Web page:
Yes, that Georgia May Jagger. The youngest daughter of Rolling Stones legend Mick Jagger and model Jerry Hall has has been one of the faces of Rimmel London since 2009 (when she was just 17 years old!).
Now 23, her career is soaring. She was named Model of the Year at the British Fashion Awards in 2009 and last year graced Models.com's list of the world's top 50 models. Besides Rimmel, she has appeared in campaigns for Chanel, Versace, Hudson Jeans and Thierry Mugler, and graced the covers of British Vogue, L'Officiel and ELLE France, to name a few.
Georgia was in Toronto recently for the Wonder'lash launch, and we got to sit down for a chat about all things beauty!
What are the beauty products you can't live without?
Moisturizer. The one I like is really light and natural. I basically like colour, bright makeup, so I don't like just organic makeup. But my [skincare] products are very natural. So moisturizer I have to have because I've got really dry, English skin.
Mascara I have to have because I can't go out without wearing mascara.
The other one would be a great matte red lipstick. I prefer an orangey-red and super, super matte. I like the In Love with Ginger which is one of the Kate Moss ones.
Also the Show Off Matte Lip Velvet.
I love eyelash curlers.
A great exfoliating product. I have this thing called the Cure at the moment that I bought. It takes off the dead skin without using the beads. It's not an acid. I don't know how it's exactly doing it. It's got alcohol in it, I think. It's not super-natural, but it's not like a chemical-peel type thing. It's just taking that first layer of residue off your skin. It's quite good.
And I really like Tracie Martyn face products.
What's your maintenance regimen?
I get my hair done every three months. I go for facials, like, twice a year. I'm not really a facial person. If I'm going to get a treatment, I'll get a Shiatsu massage. I just had acupuncture for the first time. It's amazing. I didn't think I believed in it, but I'm really converted now. I was asleep instantly. I like to go to places like Space NK in London and Liberty's beauty department and try out all the new things. I think part of being in this industry and getting to talk about new products all the time has made me go from someone who only used one eyeliner to being this person who has so much stuff. I don't even use it all, but I just love to try new products.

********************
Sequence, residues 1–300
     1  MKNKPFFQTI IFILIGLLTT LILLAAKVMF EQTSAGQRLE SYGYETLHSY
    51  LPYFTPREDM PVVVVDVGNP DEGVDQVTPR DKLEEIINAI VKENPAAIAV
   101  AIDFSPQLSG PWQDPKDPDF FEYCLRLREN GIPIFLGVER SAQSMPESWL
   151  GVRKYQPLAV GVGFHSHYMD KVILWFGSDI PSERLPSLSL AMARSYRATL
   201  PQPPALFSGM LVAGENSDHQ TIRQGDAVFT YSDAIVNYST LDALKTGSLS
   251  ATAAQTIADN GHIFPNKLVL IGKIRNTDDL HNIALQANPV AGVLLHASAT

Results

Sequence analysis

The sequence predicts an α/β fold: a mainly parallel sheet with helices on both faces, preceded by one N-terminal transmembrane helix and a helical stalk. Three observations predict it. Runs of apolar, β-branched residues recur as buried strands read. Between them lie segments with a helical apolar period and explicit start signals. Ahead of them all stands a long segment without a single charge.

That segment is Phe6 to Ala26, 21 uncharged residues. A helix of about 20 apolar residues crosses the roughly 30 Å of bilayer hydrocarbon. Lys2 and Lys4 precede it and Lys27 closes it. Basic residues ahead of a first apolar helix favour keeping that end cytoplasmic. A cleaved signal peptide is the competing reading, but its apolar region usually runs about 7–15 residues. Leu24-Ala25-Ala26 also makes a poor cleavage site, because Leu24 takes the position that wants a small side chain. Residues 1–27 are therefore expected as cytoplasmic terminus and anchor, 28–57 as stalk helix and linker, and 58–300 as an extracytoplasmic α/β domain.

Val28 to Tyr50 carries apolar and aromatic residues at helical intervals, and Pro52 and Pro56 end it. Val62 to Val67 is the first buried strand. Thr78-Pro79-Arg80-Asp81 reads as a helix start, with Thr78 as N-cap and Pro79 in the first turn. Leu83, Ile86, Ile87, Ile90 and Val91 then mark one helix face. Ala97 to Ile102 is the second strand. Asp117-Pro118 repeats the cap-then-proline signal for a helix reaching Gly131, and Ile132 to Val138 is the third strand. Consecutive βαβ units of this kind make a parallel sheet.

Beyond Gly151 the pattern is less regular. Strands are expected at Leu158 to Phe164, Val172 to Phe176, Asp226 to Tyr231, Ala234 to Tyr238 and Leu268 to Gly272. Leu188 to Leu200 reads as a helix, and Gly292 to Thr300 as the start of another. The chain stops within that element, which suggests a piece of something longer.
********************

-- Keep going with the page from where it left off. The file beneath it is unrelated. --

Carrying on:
What is your beauty trademark?
Red lipstick, probably.
What's the best beauty tip you've learned from makeup artists over the years?
I learn lots of great tips all the time and I try to pick up on all of them. But I always say don't get stuck in your routine. I like to have fun. I like to try new colours, especially eyeshadows or lipsticks. So I would say don't get stuck in one look—experiment.
How will you switch up your makeup for spring?
For spring, I suppose I go more into doing things as tints. In winter, I really like having bright makeup, like a bold red lip or something, because I find when the weather's really dreary, it's quite nice to have something with a bit more colour. For spring, I would do more rosy colours—more light pinks. Instead of putting on the whole coat of it, I'd work it in with my fingers and dab it as a tint, and then do a bit on the cheeks. Sometimes I'll even use something like a gloss on my eyelids, which sounds really weird. Not a really sticky one, but more like a shiny, natural look.
Do you have any tips for how you like to apply your mascara?
For every day, I'll just do one coat. I'll dab the end of the wand where it usually gets a bit of extra mascara on a tissue, because it stops it getting so much in the inner corner. I tend to use it going [the horizontal] way for the inner corner, and then the long way. If I'm going to do it for evening, you can sit it in the root and then move it around a little bit, so you get a thicker coating on the roots but still fanned out at the tips. I only put a little bit on the bottom lashes.
How long have you been working with Rimmel and what made you decide to partner with the brand?
Four years. But it was the first ever casting that I did, when I was 15, but I was too young at the time. They didn't hire me until two years later. Obviously in England, it's such a big brand for us. It's everywhere in all of our Boots, which is our version of CVS or whatever. So I've grown up with it, and seeing Kate [Moss] so much my whole life. So it's like, yeah, obviously I was going to say yes.
Growing up, did you always feel comfortable in your own skin—or if not, what was your relationship to beauty?
I would say more on the not. I wasn't really allowed to have proper grown-up makeup 'til I was 13. So my relationship with it was more one of glitter, and kids' kind of makeup. It's always been a fun relationship I've had with it. I started off wearing crazy colours and stuff. As I'm working with different makeup artists, I started to learn how to do that stuff in a quasi-grown-up way rather than my version of it when I was younger.